After receiving a $3,000 grant from Western North Carolina AgOptions, Hughes upgraded their brewery-turned-laboratory and worked full time to produce their first 50 pounds of mushrooms in early 2020. After COVID-19 spread to the U.S., Hughes said they spent time going to the public library at night to sell their mushrooms out of the back of their car which did not last long. 

While business had been “okay” during the 2020 season, 2021 had allowed Hughes and Greenwood to expand their business.

“Things really just mushroomed then,” Hughes said. “Miika had been thinking about going back to her job, and she decided to do this full time with me. It’s really grown our relationship.” 

In the height of the 2021 season, Hughes said they were doing anywhere from 250-300 pounds of mushrooms a week and continued to develop medicinal mushrooms alongside their culinary mushrooms. which led to the creation of their own medicinal tinctures. After the 2021 season, Hughes was elected to the Watauga Farmers Market board of directors for this year.

Some, if placed in their shoes, may be annoyed by the incessant “stoner comments,” but Hughes and Greenwood see it differently. Instead, it’s an opportunity for education.

Whether it be about health, how they grow or about environmental causes, Hughes aims to bring an educational standpoint to the topic, but it always comes back around to his personal relationship with mushrooms. A 2021 study from Pennsylvania State University found that humans that consume 20 grams of mushrooms a day are 45% less likely to develop cancer, something which Hughes has a personal connection with.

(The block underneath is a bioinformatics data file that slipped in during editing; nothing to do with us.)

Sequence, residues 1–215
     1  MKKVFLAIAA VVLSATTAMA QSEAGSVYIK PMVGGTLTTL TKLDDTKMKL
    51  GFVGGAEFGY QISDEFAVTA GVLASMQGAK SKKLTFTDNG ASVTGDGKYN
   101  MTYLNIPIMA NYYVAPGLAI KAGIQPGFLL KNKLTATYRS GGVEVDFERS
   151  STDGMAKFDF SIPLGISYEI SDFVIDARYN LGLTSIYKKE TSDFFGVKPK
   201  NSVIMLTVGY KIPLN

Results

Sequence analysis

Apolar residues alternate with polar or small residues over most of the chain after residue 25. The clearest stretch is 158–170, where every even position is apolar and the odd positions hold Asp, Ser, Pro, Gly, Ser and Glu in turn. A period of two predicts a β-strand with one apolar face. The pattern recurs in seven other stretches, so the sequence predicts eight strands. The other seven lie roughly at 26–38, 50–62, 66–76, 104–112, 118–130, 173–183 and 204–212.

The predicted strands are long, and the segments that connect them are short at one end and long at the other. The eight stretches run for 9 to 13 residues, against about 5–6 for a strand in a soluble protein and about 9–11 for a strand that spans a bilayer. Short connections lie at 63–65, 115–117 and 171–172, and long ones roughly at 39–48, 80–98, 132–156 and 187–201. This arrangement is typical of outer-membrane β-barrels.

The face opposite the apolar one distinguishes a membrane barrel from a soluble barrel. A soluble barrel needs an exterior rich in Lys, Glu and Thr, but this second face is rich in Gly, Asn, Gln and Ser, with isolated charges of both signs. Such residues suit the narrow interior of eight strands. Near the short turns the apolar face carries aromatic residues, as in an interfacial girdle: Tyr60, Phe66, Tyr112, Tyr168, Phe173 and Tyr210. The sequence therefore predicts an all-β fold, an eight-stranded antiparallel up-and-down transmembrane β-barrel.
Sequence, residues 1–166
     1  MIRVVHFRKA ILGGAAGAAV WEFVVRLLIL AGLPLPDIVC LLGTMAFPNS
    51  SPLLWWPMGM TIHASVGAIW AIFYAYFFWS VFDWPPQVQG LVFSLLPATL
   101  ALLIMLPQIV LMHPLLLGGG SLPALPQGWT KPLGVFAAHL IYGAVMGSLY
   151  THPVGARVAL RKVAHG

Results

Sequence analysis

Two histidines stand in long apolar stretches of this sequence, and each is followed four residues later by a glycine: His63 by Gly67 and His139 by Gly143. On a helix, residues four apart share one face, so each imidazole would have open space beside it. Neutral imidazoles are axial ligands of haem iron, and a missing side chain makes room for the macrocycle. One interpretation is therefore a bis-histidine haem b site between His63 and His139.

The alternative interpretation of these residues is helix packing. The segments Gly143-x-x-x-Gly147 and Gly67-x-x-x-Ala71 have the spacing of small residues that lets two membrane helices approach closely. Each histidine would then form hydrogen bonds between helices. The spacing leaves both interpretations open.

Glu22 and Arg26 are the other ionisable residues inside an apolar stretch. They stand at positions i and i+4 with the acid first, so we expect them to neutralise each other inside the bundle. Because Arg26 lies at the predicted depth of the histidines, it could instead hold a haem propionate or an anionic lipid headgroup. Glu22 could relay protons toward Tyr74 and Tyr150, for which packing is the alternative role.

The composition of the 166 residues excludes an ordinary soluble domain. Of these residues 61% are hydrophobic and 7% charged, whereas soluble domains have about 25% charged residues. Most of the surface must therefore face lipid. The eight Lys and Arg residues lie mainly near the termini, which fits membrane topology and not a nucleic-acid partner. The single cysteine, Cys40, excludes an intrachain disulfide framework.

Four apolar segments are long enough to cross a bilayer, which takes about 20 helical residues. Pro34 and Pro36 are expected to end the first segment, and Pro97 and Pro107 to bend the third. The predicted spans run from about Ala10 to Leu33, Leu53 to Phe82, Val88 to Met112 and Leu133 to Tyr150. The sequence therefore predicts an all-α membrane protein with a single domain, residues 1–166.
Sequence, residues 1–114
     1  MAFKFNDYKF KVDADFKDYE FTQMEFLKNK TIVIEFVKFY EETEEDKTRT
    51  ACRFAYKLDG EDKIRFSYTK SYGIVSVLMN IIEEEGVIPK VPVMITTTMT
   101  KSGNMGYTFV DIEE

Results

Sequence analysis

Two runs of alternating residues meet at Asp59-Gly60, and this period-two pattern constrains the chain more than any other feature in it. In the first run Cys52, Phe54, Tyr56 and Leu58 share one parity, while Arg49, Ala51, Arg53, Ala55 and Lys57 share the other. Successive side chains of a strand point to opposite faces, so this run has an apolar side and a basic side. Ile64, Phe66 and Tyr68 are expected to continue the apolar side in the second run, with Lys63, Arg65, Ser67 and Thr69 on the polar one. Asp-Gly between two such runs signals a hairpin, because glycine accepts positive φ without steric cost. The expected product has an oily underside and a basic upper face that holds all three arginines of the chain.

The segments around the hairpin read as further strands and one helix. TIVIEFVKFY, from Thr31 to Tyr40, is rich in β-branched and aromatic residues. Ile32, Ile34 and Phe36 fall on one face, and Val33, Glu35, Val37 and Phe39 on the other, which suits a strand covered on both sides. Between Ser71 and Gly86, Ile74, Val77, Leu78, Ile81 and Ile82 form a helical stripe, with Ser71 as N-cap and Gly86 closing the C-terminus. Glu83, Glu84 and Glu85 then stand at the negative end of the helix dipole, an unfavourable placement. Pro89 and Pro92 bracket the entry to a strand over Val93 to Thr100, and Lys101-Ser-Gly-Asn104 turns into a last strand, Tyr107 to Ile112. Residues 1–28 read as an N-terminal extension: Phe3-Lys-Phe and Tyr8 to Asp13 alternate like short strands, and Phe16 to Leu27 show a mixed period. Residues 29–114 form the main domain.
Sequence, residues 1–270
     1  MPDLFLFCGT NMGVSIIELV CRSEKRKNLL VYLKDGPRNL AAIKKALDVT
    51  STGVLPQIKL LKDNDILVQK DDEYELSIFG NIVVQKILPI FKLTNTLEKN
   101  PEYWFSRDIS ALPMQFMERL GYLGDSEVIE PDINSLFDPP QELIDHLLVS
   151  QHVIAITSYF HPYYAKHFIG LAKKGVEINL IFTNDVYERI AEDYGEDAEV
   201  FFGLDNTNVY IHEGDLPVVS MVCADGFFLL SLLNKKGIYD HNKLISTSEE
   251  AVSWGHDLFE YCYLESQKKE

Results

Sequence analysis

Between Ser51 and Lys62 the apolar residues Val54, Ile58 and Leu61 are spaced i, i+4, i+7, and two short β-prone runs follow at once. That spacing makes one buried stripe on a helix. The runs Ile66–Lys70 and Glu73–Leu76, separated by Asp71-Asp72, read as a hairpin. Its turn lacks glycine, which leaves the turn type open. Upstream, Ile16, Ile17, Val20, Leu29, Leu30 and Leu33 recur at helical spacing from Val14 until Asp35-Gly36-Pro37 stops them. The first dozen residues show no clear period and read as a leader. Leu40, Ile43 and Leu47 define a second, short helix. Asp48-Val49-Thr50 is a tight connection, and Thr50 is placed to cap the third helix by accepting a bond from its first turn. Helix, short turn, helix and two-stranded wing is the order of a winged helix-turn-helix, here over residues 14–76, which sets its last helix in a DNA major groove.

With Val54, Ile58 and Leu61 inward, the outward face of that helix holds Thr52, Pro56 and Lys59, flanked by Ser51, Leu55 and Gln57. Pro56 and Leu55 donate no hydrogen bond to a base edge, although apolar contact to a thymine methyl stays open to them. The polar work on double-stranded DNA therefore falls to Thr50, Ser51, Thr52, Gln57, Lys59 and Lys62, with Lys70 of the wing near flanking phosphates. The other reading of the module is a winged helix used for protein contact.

“When I was 19, my mom passed away from cancer,” Hughes said. “I wanted to give people health options, even if it’s just in a preventative measure.” 

Using mushrooms for your health is not a new thing. In discussion with Hughes, he  mentions Paul Stamets, a mycologist whose mother ate turkey tail mushrooms that he claims helped cure her cancer, or Hughes will discuss how to work mushrooms into your diet. 

Fry, bake, put them in your tea, grind them up, eat them raw; Hughes has eaten them basically any way possible. At their stall, they can be bought in the form of an alcohol tincture, as a larger mushroom, or even as a grow kit. The proceeds help them develop their business and, moreover, helps them bring their business to local charities, Hughes said.

 In the past year, Hughes and Greenwood have worked with Hospitality House to distribute excess to those in need, helped develop mushrooms which act as environmental filters for E. coli and brought their products to the Boone Earth Fare and local health market Be Natural.

For Hughes, bringing fungi to those who need them is what the business is all about. 

“Mushrooms themselves are extremely resourceful. Mycelium is reaching out in different ways,” Hughes said. “I think that that’s a good way to think about human society; the different ways we can reach out and work together — protocooperation and symbiosis.”